by | | 0 comment(s)

Apple and Microsoft may be about to enter the ultimate desktop AIO deathmatch

Microsoft Surface AIO versus Apple iMac Retina

If it weren’t already apparent from last year’s unveiling of the Surface Book, Microsoft is determined to make its mark in the device manufacturing business, with signature devices of its own, in a bid to take a bite out of Apple’s high-end laptop market share. Surprisingly enough, Microsoft’s desktop ambitions have yet to manifest, as the company has put a lot of effort into mobile devices, but nearly none into manufacturing desktop PCs, once again demonstrating Satya Nadella’s commitment to a mobile-first strategy.

With that into consideration, neglecting the desktop market is still, somewhat, an odd move for Microsoft. Apple has shown no sign of wanting to give up on the desktop AIO segment of its customers, as rumors hint to Apple’s plans to move into VR specs territory, by integrating the new AMD Polaris 10 GPU, supposedly up to par with Oculus Rift’s hardware requirements into its rumored upcoming iMac Retina.

Closing the Surface loop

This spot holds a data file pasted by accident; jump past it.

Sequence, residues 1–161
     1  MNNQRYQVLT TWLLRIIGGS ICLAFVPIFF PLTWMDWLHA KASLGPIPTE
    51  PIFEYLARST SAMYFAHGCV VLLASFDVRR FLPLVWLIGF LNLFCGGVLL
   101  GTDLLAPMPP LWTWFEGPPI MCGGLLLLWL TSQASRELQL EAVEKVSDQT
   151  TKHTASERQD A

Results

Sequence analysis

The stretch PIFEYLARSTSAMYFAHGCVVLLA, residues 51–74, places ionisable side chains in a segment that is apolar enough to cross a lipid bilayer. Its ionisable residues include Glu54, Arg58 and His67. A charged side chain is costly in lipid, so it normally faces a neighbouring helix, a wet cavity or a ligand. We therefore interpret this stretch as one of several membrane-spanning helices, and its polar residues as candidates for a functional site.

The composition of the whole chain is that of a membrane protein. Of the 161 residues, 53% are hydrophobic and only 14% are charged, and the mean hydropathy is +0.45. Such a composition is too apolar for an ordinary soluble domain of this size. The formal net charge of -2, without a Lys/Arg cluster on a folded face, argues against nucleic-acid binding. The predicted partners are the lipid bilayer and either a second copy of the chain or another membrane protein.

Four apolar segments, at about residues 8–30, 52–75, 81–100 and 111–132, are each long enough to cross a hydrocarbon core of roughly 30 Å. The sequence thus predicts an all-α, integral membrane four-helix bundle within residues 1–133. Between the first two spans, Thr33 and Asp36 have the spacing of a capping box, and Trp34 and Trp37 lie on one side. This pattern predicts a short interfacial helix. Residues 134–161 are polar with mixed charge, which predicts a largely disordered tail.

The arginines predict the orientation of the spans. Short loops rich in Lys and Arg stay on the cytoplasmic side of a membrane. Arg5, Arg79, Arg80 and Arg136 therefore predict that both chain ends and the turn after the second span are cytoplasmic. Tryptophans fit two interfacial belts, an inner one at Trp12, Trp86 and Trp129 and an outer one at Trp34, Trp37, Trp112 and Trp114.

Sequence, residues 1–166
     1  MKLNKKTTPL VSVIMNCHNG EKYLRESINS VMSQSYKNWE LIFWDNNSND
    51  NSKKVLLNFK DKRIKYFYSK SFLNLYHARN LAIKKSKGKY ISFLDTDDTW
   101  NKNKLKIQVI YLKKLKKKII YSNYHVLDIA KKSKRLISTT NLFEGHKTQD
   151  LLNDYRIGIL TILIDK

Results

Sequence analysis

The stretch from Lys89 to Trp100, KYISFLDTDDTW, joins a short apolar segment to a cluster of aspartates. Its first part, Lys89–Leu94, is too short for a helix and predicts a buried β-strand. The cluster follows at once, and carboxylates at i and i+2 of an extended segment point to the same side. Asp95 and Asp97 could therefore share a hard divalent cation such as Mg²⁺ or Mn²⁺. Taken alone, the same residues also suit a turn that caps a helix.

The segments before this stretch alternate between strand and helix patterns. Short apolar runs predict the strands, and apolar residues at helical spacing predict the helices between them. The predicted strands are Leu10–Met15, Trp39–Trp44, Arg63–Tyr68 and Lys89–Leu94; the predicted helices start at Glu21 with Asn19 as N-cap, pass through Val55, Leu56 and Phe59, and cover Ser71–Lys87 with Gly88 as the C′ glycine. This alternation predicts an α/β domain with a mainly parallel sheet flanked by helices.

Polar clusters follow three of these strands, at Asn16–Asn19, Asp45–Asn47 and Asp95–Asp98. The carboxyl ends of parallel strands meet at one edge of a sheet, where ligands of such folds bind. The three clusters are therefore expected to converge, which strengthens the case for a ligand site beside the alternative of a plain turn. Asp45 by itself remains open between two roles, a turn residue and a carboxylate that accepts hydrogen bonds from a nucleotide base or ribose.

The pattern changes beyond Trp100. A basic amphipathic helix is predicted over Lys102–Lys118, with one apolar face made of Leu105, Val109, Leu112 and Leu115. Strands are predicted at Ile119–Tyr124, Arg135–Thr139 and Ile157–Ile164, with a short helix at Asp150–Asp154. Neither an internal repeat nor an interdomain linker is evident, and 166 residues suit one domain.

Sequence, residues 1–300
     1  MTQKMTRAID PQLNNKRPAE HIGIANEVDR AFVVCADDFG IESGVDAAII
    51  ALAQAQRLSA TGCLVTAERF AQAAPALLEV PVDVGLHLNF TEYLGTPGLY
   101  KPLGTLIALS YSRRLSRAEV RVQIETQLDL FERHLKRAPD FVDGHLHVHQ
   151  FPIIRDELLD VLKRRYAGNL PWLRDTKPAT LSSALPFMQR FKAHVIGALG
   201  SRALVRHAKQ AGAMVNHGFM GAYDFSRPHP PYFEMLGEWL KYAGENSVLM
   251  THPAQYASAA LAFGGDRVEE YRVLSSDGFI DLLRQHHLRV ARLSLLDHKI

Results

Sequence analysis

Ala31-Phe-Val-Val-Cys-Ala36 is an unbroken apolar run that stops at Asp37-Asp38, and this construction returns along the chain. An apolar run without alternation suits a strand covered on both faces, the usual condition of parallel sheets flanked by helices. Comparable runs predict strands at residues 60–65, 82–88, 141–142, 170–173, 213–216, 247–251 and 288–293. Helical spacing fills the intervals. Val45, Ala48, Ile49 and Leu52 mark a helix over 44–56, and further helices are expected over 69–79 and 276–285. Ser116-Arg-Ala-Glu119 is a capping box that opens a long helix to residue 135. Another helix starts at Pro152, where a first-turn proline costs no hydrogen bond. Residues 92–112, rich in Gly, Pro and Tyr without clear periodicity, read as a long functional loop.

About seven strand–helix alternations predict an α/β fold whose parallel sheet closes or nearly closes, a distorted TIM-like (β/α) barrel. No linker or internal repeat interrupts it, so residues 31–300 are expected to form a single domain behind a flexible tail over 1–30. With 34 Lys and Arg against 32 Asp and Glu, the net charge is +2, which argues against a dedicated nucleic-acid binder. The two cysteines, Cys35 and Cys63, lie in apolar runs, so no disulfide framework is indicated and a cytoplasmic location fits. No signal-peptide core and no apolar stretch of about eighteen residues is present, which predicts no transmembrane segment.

Surface is Microsoft’s official devices division, but before it becomes any percentage of a threat to Apple, at any level, there are a few missing gaps that must be filled. One is the glaring gap left by the departure of Lumia, which is rumored to be due for replacement by a Surface brand handset. Another one is the desktop AIO, a category currently dominated by Lenovo and Apple.

What we know is irrelevant...

...compared to what this rumored Surface AIO is expected to be. The market of all-in-ones is in decline, and if Microsoft is serious about taking on Apple and Lenovo, this device must be more than good, it must blow people’s minds.

Fortunately, it looks like Microsoft has a patent describing exactly what the company needs to create something other than yet another boring AIO, in the form of a modular computer, built to be easily upgraded according to the kind of performance required. This kind of AIO could have the ability to deliver a blow to the iMac, by enabling consumers to interchange hardware components in a way that iMac users have been craving for years.

You must be logged in to post comments.